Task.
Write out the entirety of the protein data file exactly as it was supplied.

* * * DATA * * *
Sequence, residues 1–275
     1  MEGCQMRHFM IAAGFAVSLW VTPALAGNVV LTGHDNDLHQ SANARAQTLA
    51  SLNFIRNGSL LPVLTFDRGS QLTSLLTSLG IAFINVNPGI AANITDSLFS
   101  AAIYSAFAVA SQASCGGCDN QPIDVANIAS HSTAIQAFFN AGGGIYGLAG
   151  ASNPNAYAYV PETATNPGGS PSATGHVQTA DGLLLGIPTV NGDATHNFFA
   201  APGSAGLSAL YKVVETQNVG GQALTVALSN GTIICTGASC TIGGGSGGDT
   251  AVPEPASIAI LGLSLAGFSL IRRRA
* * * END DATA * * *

Sequence, residues 1–275
     1  MEGCQMRHFM IAAGFAVSLW VTPALAGNVV LTGHDNDLHQ SANARAQTLA
    51  SLNFIRNGSL LPVLTFDRGS QLTSLLTSLG IAFINVNPGI AANITDSLFS
   101  AAIYSAFAVA SQASCGGCDN QPIDVANIAS HSTAIQAFFN AGGGIYGLAG
   151  ASNPNAYAYV PETATNPGGS PSATGHVQTA DGLLLGIPTV NGDATHNFFA
   201  APGSAGLSAL YKVVETQNVG GQALTVALSN GTIICTGASC TIGGGSGGDT
   251  AVPEPASIAI LGLSLAGFSL IRRRA